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Tuesday, 22 December 2015

Leap year

It takes the Earth 365.25 days to make this trip around the sun. In other words, for every year we gain one-fourth of a day and every four years we gain an extra day hence the Leap year.

Cleopatra introduced Julius Caesar to her astronomer Sosigenes of Alexandria, who suggested to the Roman dictator the idea of leap days and leap years.

Julius Caesar introduced the first leap year around 46 B.C., but his Julian calendar had only one rule: Any year evenly divisible by four would be a leap year.

There was no February 29th in Caesar’s leap years but February 24th was repeated.

Before Julius Caesar proposed the Leap Year, people observed a 355-day calendar with an extra 22-day month every two years.

Caesar's Julian Calendar didn't exactly coordinate the measured year with the earth's orbit around the sun, so when Pope Gregory XIII revised the calendar in 1582, he left century years out of the leap day rule unless the number before the 00 is divisible by 4. This means the year 2100 will not be a leap year.

It is acceptable for a woman to propose to a man on February 29th. The custom has been attributed to St. Bridget, who is said to have complained to St. Patrick about women having to wait for men to propose marriage. Patrick supposedly gave women one day to propose.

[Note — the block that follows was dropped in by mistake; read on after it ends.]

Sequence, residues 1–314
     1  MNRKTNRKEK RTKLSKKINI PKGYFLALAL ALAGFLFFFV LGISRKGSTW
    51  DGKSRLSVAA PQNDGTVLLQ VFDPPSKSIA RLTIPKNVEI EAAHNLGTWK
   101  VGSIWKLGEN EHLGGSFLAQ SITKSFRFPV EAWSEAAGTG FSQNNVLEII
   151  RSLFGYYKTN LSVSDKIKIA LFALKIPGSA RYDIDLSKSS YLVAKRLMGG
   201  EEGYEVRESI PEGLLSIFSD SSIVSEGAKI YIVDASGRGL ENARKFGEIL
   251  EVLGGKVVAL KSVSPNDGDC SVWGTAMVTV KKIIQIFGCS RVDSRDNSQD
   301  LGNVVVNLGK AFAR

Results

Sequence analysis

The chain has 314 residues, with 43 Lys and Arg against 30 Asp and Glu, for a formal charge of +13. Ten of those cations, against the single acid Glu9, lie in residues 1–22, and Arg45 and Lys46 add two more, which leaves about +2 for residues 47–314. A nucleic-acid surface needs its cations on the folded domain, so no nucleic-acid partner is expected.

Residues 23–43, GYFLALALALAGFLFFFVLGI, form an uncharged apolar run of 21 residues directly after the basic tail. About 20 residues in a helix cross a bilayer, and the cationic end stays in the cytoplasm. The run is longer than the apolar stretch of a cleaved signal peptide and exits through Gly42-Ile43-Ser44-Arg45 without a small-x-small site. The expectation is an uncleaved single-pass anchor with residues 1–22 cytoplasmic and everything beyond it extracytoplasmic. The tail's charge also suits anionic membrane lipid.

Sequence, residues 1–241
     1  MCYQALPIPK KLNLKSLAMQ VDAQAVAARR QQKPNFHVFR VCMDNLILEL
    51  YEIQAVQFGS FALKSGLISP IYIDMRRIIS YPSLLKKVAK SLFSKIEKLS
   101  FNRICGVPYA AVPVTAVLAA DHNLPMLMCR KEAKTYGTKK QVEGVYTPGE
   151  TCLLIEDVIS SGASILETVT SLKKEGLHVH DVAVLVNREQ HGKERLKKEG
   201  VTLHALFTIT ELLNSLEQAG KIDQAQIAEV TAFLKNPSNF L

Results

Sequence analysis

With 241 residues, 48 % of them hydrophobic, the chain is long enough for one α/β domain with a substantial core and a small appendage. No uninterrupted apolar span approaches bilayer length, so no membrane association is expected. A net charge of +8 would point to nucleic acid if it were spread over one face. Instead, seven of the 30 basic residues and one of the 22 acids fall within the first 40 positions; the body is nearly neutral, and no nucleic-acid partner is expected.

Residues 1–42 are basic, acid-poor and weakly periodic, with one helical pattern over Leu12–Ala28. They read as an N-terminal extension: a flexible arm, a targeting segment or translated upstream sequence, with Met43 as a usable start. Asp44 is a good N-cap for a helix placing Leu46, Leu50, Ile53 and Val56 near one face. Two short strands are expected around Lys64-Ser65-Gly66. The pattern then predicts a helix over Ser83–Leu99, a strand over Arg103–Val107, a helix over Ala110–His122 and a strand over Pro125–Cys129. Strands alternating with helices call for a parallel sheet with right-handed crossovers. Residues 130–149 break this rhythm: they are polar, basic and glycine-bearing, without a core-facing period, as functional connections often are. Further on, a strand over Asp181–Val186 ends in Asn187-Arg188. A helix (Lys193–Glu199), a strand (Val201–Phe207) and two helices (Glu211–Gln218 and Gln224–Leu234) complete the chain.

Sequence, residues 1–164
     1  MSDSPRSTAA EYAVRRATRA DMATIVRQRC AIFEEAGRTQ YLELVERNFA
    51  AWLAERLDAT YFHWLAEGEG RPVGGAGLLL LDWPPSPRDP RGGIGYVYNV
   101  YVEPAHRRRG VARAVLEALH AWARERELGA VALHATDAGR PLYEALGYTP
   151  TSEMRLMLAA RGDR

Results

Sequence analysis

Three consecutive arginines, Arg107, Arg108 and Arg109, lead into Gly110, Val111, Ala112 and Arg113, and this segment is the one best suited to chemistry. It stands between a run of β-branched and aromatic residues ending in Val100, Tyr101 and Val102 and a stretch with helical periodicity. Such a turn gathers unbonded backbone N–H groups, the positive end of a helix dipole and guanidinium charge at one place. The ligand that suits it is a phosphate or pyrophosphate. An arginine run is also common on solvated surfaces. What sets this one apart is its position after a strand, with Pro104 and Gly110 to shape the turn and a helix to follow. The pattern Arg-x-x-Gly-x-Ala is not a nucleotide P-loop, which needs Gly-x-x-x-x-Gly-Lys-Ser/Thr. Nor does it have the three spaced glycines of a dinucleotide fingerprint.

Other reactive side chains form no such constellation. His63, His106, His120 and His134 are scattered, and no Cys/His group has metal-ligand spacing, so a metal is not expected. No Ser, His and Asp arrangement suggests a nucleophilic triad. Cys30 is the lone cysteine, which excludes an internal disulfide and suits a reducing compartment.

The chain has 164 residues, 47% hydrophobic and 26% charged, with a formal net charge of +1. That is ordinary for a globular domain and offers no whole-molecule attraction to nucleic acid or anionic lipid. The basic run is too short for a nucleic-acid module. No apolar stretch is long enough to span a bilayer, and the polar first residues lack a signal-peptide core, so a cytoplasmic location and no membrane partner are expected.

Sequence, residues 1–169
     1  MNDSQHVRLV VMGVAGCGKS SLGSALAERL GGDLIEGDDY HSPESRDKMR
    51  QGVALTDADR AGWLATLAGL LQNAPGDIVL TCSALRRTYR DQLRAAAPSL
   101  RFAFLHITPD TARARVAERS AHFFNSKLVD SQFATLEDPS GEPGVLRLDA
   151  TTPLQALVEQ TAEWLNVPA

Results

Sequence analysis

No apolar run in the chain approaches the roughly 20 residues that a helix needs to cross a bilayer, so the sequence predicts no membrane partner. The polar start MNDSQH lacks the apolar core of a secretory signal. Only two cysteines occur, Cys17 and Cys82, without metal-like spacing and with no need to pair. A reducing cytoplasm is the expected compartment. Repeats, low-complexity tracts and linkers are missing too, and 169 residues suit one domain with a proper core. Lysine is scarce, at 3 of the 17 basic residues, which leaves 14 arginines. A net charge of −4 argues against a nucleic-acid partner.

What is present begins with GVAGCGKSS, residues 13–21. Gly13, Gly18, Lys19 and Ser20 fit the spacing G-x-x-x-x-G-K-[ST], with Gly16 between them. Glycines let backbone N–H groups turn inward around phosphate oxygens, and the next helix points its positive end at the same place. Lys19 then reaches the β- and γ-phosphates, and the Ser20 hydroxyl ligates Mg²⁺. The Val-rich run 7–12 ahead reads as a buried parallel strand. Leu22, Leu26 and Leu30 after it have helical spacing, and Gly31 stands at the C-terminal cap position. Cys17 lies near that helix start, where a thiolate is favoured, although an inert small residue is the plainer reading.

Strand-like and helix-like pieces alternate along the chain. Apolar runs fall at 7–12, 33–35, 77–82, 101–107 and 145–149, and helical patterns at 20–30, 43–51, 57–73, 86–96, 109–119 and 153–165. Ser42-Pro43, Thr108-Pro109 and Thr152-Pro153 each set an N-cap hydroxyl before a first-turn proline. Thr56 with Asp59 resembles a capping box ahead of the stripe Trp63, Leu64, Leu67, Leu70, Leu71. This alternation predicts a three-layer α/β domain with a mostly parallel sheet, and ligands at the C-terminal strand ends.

In 1288 Queen Margaret of Scotland made a ruling that on Leap Year Day a woman could propose marriage to the man of her choice. She also stated that any man who refused a proposal on leap year must pay a fine or buy the woman 12 pairs of gloves.

Alessandro Farnese was born on February 29, 1468 in Lazio, Italy. Later, he became Pope Paul III — he was the only Pope ever to be born on a leap year day.

If America had done away with leap days on July 4, 1776,  the US calendar today would be a full two months ahead of the Earth's position.

A person born on February 29th may be called a "leapling" or a "leaper." Some famous leapers are English poet John Byrom, Italian pianist and composer Gioachino Rossini, band leader Jimmy Dorsey and the rapper Ja Rule.

The eighth premier of Tasmania, James Milne Wilson, was born on a leap day and died on a leap day in the 1800s.

Karin Henriksen of Norway gave birth to children on February 29 in 1960, 1964 and 1968, and Louise Estes of Provo, Utah, who gave birth on February 29 in 2004, 2008 and 2012.

There are an estimated 5 million leapsters alive today.

Because there seemed to be an overabundance of people born in Anthony in Texas on February 29, the town declared itself the Leap Year Capital of the World in 1988. It holds a huge party every February 29th.

The only time a month begins and ends on the same day of the week is February in a leap year.

Sources USA Today, Daily Express

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